We must remember to focus on ourselves and our needs, whilst acknowledging that this isn’t selfish, but a necessary component in becoming a step closer to health and happiness. Food is fuel, and although eating may feel like a constant job, it is our medicine.

Anorexia Recovery – Ditching the scales, freedom away from numbers

Mental Health

The morning approached, it was 6:30am.

Already, I encountered deliberating thoughts about eating. I pondered whether I should, or whether I shouldn’t. And I’m beginning to believe that this may be a constant, lifelong battle for me.

With every day, I cannot determine how my thoughts will challenge me throughout the day. Some days will be easier than others, and some will be spent fighting with the grit of my teeth and my upmost strength and determination.

I cried, I rationalised and sat anxiously with my thoughts. I felt defeated, and frankly, nourishment felt more like a punishment. I often wonder why I am 22-years-old becoming tearful over food and fixated on numbers. I curiously think about life of the latter, freedom with food and perhaps, body acceptance?

Rewind a few hours later, I felt empowered and encouraged. I desperately wanted to alter my mindset and to challenge my toughest thoughts. Admittedly, my breakfast simply consisted of giving in to my disordered thoughts. I decided enough was enough, I had the rest of the day to build myself up and to tackle more habits. I simply couldn’t carry on waiting to be saved whilst putting in minimal effort to save myself.

Anorexia Recovery compromises of more than just regaining a “normal” relationship with food, but also about challenging other behaviours and rituals that extend beyond food. I stood up, heart racing and thoughts pondering, and reached up for my scales. The scales have dominated my life and my way of thinking for 6+ years and I first weighed myself at the mere age of 4. And until today, I kept this hidden. I’d been weighing myself multiple times a day, every day for years, and it began feeling exhausting and it held the equivalence of a heavy load on my shoulders. Anorexia is conniving and encourages sneaky behaviours and rituals. I no longer wanted to be sneaky, I wanted to be brave. Yesterday I owned up, and the support I received was not only remarkable, but incredibly reassuring.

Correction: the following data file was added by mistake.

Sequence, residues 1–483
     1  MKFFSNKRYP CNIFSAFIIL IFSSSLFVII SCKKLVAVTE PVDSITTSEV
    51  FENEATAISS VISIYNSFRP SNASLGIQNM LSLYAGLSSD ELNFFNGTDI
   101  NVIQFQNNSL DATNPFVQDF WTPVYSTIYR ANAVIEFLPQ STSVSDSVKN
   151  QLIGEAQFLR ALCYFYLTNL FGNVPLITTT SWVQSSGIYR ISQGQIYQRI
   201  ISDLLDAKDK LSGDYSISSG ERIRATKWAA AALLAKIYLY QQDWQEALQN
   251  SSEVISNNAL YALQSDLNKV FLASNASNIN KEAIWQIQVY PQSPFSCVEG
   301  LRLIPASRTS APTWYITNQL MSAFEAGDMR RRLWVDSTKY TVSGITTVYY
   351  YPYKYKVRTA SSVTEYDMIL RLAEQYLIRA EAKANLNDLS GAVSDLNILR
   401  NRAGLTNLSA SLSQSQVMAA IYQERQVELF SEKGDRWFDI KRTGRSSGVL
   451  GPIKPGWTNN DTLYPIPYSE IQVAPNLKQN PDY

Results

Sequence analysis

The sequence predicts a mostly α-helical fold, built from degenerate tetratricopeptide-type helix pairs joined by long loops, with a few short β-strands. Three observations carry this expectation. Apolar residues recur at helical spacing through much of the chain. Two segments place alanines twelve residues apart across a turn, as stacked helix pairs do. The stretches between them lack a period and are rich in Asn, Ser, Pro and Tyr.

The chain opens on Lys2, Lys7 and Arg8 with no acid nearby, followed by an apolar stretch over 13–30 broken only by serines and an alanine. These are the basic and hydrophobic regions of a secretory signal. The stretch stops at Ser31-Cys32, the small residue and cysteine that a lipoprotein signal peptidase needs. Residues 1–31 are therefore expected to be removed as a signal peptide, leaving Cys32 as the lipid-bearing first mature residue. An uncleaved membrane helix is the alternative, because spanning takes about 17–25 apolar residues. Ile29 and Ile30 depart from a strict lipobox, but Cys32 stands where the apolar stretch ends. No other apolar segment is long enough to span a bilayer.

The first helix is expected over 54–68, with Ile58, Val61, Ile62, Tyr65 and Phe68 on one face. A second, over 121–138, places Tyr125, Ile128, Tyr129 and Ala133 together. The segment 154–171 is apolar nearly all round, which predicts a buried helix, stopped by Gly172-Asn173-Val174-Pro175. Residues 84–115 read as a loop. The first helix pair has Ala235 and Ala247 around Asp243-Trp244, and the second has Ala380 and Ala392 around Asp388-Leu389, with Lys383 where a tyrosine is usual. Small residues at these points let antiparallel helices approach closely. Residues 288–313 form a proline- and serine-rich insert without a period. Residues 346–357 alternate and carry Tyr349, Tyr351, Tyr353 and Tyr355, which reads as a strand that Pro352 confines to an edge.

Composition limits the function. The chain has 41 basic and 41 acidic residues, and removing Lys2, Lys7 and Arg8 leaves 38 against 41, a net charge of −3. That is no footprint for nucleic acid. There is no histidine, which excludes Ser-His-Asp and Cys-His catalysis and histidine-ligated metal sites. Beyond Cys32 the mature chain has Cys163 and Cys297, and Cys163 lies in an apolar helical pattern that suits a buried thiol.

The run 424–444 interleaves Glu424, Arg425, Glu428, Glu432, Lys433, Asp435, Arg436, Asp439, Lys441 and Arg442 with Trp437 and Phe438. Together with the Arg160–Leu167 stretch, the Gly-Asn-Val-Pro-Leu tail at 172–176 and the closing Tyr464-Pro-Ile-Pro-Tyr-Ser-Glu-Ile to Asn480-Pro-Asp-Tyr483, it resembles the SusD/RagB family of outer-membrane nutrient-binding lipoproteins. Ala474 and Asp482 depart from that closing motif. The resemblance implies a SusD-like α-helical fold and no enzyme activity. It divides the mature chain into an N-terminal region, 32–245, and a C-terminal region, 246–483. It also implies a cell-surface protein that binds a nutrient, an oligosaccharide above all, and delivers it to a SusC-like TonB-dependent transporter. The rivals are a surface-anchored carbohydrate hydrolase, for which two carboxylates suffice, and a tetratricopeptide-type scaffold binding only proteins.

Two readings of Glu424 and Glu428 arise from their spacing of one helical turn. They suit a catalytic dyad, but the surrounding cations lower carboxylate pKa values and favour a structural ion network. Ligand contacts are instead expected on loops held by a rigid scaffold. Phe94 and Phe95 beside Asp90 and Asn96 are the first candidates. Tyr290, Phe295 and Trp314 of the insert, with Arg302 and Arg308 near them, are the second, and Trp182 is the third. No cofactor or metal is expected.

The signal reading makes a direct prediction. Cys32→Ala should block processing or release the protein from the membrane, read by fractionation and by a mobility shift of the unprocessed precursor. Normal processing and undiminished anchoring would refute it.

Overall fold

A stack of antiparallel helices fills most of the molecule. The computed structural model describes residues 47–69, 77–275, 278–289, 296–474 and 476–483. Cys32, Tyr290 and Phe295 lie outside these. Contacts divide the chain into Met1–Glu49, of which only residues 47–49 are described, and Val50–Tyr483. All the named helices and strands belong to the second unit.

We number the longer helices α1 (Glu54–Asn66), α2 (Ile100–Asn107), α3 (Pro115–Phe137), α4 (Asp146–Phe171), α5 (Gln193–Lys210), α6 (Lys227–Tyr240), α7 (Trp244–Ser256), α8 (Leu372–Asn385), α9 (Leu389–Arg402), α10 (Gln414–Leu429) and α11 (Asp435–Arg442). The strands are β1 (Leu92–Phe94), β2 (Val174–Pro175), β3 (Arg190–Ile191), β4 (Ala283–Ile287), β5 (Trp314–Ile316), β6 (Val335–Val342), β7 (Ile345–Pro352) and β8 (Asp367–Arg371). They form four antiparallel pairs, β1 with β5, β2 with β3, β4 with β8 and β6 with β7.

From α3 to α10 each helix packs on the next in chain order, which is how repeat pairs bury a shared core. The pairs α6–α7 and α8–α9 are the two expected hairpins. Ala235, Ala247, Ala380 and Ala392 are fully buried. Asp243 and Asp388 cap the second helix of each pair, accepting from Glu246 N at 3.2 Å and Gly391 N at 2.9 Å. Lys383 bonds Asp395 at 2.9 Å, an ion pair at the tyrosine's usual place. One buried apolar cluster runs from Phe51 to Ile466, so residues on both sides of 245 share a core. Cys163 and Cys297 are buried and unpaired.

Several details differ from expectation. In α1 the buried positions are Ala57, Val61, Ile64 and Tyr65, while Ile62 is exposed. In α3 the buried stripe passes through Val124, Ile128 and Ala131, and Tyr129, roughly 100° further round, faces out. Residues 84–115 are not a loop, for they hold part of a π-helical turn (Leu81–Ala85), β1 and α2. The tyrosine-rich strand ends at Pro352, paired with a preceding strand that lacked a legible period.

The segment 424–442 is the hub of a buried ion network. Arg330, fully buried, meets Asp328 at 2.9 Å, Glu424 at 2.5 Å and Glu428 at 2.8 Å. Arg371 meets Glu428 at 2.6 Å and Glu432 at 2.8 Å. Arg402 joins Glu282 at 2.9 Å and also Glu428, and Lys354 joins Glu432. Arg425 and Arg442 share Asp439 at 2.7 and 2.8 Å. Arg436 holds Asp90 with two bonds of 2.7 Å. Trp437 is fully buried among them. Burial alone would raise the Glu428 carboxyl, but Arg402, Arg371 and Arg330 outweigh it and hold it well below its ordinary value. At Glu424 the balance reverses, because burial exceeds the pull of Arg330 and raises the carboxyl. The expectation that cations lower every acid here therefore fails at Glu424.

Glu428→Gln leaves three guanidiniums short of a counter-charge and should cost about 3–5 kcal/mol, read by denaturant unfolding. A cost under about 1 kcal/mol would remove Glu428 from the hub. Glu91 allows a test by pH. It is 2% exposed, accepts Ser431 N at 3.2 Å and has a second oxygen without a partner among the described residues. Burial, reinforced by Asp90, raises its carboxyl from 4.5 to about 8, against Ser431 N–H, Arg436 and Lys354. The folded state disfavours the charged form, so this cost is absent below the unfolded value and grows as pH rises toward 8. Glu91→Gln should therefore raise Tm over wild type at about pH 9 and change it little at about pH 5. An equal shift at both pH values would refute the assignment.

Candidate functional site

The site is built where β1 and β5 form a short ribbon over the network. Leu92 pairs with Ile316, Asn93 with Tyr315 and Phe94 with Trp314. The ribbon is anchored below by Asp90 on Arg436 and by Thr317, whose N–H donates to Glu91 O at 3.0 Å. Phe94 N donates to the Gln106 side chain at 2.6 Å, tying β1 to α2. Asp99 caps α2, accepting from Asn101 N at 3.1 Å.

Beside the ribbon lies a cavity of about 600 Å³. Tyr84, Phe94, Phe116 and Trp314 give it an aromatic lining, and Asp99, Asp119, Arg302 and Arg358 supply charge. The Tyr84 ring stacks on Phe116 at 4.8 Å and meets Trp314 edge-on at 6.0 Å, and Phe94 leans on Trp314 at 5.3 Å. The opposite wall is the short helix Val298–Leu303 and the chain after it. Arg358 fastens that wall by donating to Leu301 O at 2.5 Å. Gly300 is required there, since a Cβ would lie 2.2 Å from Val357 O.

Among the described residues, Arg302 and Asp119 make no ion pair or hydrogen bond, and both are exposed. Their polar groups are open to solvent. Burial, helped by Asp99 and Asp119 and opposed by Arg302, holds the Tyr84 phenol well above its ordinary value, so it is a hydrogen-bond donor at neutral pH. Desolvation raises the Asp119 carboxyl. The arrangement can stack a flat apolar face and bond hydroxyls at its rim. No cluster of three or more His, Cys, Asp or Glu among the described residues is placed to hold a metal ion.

I nervously threw my scales away, with much hesitation and questioning on my part, although ready to say good bye to a dark chapter in my life, determined to bring in a happier one. Anorexia screamed at me no, and insulted me greatly, but I wholeheartedly knew it was the best decision in the long term. A step forward in recovery and regaining my health, happiness and sparkle.

I’ve anxiously sat through feelings and urges during the day and have become ridden with guilt and uncertainty. I cannot move forward with the constant fixation and obsession on numbers, and I believe only my medical professionals need to know. I’ve been underweight for years, and I believe focusing on numbers only heightened the anxieties I have surrounding weight gain and reaching a healthy weight/BMI.

The number on the scale dictates my relationship with gravity, it can never determine my worth, intelligence or sparkle.

I’m learning to define myself by the number of animals I help, the milestones I’ve achieved and the strength I’ve gained. It’s going to be a long journey, but one I’m dedicated to.

I’m more than just a number. I’m a person with goals and aspirations, strength and determination. And I’m ready to move forward.

A weighted life perspective

Mental Health

We live in a World where weight gain has been, and continues to be, demonised. An increase in the scale number quickly equates to feelings of low self worth, inadequacy and failure. We attempt to remain small, whilst measuring our worth in kilograms and not so much smiles, achievements and memories. I understand the satisfaction gained from the decreasing scale number, believe me. But I can assure you that it brings minimal comfort, I was never fully “happy” until I faced death. A reduction in weight was never enough to counteract the thoughts and feelings I battled internally.

I despise weight related comments. Before opening up about my Anorexia battle, I regularly received praiseful words on my malnourished body, told that I had a “perfect figure”, I was asked for diet advice and the methods I used to lose a large proportion of weight in not so little time. And in doing so, this made it significantly harder for me to acknowledge that the actions and behaviours I constantly engaged in were wrong. Please be mindful of chosen words.

It’s impossible to pass a day without talk of dieting and weight loss. Celebrities promoting silly appetite suppressants and highlighting unrealistic diets to vulnerable followers for a sum of money. Of course, healthy weight loss is crucial for those who are medically overweight. And I believe this should be supported to avoid the usage of unhealthy coping mechanisms. Ie: Starvation, bingeing and purging. However, we’re indefinitely becoming a brainwashed society and I’m yet to meet an individual who is confident in their body. I’d like to see a drastic change in this, for new and current generations. More emphasis on body acceptance, less on methods to change your body and more ways to gain a healthier mindset.